The competition watchdog has accepted proposals from Morrisons to hand over control of 28 McColl's stores it purchased earlier this year after concerns were raised about the impact the takeover could have on market competitiveness.
Morrisons bought out the convenience store chain in May for a reported £190 million, saving thousands of jobs that would have otherwise been lost.
But following the completion of the deal, the Competition and Markets Authority (CMA) launched an investigation - the first part of which found that the deal would not harm the vast majority of shoppers or other businesses.
However, it did raise competition concerns in 35 areas, of which both Morrisons and McColl's accepted and agreed to discuss potential remedies with the CMA.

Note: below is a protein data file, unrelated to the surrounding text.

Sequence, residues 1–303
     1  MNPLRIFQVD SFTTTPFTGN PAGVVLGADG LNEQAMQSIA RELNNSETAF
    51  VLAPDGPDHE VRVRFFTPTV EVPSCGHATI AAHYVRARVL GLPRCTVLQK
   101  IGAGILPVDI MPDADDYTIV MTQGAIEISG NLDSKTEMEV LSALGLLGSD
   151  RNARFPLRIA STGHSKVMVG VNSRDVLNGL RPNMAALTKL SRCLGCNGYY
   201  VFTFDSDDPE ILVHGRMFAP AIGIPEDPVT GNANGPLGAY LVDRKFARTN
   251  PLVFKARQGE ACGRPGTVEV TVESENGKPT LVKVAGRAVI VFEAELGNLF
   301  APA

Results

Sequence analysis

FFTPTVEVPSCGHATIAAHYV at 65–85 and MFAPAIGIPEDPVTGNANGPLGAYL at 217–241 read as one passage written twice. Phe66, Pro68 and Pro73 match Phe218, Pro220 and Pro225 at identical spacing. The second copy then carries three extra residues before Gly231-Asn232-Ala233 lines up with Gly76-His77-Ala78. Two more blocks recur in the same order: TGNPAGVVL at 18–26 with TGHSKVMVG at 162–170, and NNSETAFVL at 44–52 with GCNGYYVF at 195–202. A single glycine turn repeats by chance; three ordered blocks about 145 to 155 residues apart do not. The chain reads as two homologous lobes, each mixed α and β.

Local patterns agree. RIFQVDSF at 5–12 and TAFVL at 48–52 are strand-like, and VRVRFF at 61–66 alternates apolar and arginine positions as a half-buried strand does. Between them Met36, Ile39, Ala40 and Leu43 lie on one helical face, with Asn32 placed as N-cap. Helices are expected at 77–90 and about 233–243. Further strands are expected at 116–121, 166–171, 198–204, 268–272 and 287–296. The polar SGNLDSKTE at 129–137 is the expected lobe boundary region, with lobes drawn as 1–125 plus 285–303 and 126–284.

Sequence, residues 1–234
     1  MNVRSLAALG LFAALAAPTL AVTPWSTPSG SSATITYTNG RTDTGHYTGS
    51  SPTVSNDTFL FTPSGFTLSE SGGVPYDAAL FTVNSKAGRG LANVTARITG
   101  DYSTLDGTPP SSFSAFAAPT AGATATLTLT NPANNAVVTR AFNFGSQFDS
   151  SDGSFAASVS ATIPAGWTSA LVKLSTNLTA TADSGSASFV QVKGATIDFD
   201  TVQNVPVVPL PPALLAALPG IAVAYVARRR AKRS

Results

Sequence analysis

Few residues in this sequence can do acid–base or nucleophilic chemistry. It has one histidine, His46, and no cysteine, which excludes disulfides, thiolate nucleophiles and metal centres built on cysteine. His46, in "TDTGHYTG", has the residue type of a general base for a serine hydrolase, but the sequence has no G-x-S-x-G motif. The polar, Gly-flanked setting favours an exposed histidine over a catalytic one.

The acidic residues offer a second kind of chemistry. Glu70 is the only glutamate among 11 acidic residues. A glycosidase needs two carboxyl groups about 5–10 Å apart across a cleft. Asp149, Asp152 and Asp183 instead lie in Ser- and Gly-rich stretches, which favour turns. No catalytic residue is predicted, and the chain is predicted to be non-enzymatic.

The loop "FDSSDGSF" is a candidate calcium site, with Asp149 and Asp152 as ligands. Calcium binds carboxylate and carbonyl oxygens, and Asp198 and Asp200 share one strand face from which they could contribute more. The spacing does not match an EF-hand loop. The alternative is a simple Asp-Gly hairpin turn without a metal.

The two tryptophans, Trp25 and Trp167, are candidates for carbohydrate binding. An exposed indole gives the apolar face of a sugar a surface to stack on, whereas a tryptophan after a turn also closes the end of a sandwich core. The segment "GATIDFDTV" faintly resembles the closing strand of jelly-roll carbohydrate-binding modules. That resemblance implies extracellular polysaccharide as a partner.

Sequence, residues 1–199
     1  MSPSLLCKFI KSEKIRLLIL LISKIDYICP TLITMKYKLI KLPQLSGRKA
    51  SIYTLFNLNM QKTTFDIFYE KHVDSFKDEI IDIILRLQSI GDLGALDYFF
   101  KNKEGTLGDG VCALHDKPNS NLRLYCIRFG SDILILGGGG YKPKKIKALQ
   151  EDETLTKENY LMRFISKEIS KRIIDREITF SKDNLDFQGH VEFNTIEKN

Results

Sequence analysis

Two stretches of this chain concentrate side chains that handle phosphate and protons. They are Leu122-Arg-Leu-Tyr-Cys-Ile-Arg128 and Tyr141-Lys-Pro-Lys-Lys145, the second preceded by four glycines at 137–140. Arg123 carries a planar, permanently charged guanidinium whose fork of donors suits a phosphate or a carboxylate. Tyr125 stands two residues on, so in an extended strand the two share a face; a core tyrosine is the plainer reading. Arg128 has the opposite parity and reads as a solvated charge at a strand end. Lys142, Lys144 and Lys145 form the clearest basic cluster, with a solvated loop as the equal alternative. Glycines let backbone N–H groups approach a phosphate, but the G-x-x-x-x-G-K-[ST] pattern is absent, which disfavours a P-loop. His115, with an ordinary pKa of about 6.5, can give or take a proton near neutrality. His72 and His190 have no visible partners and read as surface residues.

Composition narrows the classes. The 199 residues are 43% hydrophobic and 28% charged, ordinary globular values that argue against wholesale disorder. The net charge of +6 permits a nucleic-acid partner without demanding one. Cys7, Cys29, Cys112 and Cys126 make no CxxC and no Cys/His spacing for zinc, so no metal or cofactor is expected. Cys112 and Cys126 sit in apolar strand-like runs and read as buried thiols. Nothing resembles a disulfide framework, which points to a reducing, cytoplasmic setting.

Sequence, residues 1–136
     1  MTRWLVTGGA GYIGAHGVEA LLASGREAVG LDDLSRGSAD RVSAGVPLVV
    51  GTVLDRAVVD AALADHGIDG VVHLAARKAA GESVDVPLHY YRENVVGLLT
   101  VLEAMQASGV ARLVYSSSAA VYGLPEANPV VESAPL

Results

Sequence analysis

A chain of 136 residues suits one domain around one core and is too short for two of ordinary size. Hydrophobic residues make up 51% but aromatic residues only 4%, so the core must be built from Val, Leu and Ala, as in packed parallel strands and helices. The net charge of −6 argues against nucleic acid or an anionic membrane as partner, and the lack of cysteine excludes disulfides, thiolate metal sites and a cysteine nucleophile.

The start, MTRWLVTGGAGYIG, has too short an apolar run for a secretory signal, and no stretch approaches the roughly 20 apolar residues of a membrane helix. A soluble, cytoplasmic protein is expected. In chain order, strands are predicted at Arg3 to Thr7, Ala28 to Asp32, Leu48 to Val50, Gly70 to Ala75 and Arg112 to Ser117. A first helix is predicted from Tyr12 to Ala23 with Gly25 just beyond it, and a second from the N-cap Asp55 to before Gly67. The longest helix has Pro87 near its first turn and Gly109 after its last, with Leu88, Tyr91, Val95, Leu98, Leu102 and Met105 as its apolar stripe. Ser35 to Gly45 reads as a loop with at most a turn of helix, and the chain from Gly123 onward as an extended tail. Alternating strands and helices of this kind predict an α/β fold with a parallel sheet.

Morrisons has since offered to divest 28 McColl’s stores to a purchaser or purchasers to be approved by CMA.
Of these stores, 26 are located in England - including Swindon, Lincoln and Brentwood - and one each in Scotland and Wales.
The CMA said it accepted the offer from the supermarket giant even though the amount of stores Morrisons has proposed to sell is lower than the number of areas where concerns were identified.
It said this was because "the sale of some stores would address the concerns in multiple areas".
Sorcha O’Carroll, CMA Senior Director of Mergers, said: "Our preliminary view is that the sale of these stores will preserve competition in these local areas and prevent consumers from losing out due to this deal, at a time when shoppers are already facing rising prices."
Sales of the 28 McColl's stores are now being consulted on by the CMA, which has said deals will be confirmed once it's received acceptable proposals.
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